On 22 July, the U.K. parliament issued its final report of the investigation into the working practices of scandal-ridden sporting goods retailer Sports Direct. Iain Wright MP, chair of the Business, Innovation, and Skills (BIS) Committee, said: “Evidence we heard points to a business whose working practices are closer to that of a Victorian workhouse than that of a modern, reputable High Street retailer.” If this can happen in a U.K. business when Britain is part of the European Union and subject to all its employment rules and regulations, it does not augur well for future employment conditions. During oral evidence, Mike Ashley, CEO of Sports Direct, admitted for the first time that workers had “effectively been paid below the national minimum wage” and that Sports Direct had got too big for him to control.
“It is like going out one day and you have got a tiny little inflatable and you are in control, then you wake up one morning and you are an oil tanker. You cannot be all over that oil tanker. It there is a problem on that oil tanker, you are still responsible. Ultimately I am always responsible for Sports Direct. I am aware of that,” Ashley said.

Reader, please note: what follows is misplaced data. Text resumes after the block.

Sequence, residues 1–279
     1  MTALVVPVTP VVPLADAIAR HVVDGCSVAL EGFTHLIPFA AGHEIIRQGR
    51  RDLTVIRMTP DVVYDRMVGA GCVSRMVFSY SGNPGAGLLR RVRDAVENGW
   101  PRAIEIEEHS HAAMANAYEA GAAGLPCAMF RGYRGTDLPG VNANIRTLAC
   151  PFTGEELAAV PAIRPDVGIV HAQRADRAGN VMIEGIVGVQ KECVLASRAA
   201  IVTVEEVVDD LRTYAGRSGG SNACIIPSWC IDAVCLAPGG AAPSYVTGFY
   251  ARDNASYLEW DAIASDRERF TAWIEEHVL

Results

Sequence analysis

The report focusses on the employment practices of the two agencies who hire and pay staff at the Sports Direct Shirehouse warehouse in Derbyshire, The Best Connection and Transline Group. These agencies were reported to have “an improper understanding of basic employment laws and practices” and to have given false evidence to the Committee. Among the accounts of worker mistreatment are: “staff being penalised for matters such as taking a short break to drink water and for taking time off work when ill.” The report also revealed allegations of some workers being promised permanent contracts in exchange for sexual favours. Other evidence pointed to serious health and safety breaches, with repeated ambulance calls to the Shirebrook warehouse “including, in one case, for a woman who gave birth in the toilet.”